I’m smitten. I’ve been experimenting with chickpeas ever since obtaining a supply from Alvarez Farms in October, and the possibilities would seem endless. More than what one can coax from the average legume, anyway, and not just because this one has two proper names, the garbanzo bean being its alter identity.

The wide selection of eats that involve chickpeas has something to do with just how well chickpea flesh pairs with various herbs and spices. Beans are traditionally said to partner with summer or winter savory, an herb towards which I have feelings of relative contempt. Chickpeas range more broadly. In recipes we’ve tried recently, they pair nicely with basil and cilantro for salads, parsley for falafel and hummus, with ginger or chilies in Moroccan stews, with fried sage over pasta, and crisped with rosemary. Surely the French do something with chickpeas and thyme.

And then there’s the whole chickpea and pork situation. A friend loves them cooked down with leeks and bacon. Me, I think they’re most deluxe stewed with pork ribs, sausage, and paprika.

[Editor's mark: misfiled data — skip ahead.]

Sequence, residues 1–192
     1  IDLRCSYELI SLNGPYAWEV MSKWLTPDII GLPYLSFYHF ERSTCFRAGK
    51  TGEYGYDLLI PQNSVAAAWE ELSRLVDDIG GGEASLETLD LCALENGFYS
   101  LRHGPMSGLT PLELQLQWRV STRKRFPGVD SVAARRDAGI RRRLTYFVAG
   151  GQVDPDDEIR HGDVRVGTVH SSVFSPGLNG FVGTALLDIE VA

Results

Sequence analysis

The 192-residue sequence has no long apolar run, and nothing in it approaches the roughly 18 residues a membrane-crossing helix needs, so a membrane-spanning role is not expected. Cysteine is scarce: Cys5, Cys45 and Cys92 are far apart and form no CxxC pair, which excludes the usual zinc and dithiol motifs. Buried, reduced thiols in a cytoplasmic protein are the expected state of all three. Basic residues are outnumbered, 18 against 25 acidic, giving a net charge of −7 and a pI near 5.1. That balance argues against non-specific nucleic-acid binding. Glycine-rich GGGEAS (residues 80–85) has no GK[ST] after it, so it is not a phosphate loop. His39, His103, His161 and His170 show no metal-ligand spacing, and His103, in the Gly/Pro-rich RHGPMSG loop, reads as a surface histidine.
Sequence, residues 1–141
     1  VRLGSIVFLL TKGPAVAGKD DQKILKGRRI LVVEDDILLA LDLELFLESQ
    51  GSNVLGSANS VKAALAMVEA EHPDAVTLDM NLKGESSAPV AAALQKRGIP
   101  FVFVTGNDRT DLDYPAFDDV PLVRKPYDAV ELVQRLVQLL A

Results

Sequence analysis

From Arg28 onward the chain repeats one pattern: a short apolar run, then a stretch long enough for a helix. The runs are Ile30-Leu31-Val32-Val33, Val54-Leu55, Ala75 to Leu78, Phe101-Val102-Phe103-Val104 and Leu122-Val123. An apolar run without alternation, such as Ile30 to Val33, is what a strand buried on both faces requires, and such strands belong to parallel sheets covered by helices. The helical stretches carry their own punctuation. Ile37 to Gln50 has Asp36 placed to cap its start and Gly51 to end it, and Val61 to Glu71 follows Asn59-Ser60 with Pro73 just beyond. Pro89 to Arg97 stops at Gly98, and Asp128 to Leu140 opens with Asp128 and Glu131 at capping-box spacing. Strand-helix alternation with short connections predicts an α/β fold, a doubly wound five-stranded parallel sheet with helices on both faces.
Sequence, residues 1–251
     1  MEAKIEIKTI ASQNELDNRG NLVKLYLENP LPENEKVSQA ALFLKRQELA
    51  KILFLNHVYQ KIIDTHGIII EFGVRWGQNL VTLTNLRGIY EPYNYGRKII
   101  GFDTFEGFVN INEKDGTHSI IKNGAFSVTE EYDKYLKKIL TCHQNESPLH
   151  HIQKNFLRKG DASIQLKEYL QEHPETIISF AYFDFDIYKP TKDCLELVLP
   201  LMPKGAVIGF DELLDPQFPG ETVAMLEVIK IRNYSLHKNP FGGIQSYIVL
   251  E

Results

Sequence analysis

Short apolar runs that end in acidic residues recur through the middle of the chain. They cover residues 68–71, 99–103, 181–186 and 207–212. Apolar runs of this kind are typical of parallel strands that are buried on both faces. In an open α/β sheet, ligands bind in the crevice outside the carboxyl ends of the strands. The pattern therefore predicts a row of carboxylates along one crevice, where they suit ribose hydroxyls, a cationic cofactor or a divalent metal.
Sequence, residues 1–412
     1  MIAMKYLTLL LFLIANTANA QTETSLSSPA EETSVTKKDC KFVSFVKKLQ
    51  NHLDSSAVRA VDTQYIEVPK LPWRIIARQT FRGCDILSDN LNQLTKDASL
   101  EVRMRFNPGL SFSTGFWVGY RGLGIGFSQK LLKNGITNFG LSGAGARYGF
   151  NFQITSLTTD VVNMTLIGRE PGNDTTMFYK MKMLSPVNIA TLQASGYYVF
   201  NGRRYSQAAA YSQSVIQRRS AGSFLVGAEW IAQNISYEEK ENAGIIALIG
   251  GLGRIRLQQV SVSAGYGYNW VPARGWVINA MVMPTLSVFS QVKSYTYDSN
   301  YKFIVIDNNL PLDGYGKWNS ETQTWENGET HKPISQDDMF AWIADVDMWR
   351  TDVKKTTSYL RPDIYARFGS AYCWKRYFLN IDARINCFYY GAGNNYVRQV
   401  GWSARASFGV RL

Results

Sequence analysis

For all I know, they’re probably good for you too. Who’s counting the pork?

Recipe: Crispy Chickpeas

1 cup canned or cooked chickpeas / 2 tbls olive oil / ½ tsp salt / ground black pepper to taste / 1 tbls minced fresh rosemary

Drain chickpeas well. Heat olive oil in a heavy skillet over high heat. When hot, add chickpeas and toss with salt. Cook on high heat for 6-8 minutes, until skins are crispy and starting to brown. Add pepper and rosemary, toss, and serve as an appetizer. Adapted from Jerry Traunfeld.

Recipe: Cocido with Pork Ribs and Chickpeas

2 cups dried chickpeas / 2 lbs pork ribs / ½ lb brined pork belly or slab bacon / ½ lb chorizo / 6 cups stock or water / 1 onion, halved / 1 carrot, halved / 1 clove garlic / 2 tbls fresh thyme leaves / 1 tsp paprika / 1 bay laurel leaf

The night before, soak chickpeas in ample cold water until you’re ready to cook. Separate rib rack into individual ribs and sprinkle lightly with salt and pepper. Cut pork belly into half-inch dice. Heat large heavy stew pot over medium-high heat. When hot, add vegetable oil or lard and swirl to coat pan. Add ribs and pork belly in a single layer and brown deeply, about 5 minutes per side, then remove from pot. Continue until all meats are browned.

Pour out rendered fat and reserve for another use if you wish. Turn heat up to high. Add the chickpeas and browned meats plus all remaining ingredients except chorizo. Add stock, scraping up brown bits on the bottom. Liquid should cover ingredients; add water if it doesn’t. Turn heat down to low, cover, and cook for two hours. Add sausages and cook with the lid ajar for another 45 minutes or so, until meat is falling off the ribs. Remove onion, carrot, and garlic cloves and puree in a food processor. Return mixture to pot. Sauce should be slightly thickened. Remove bay leaf and serve over rice. Feeds 6-8.

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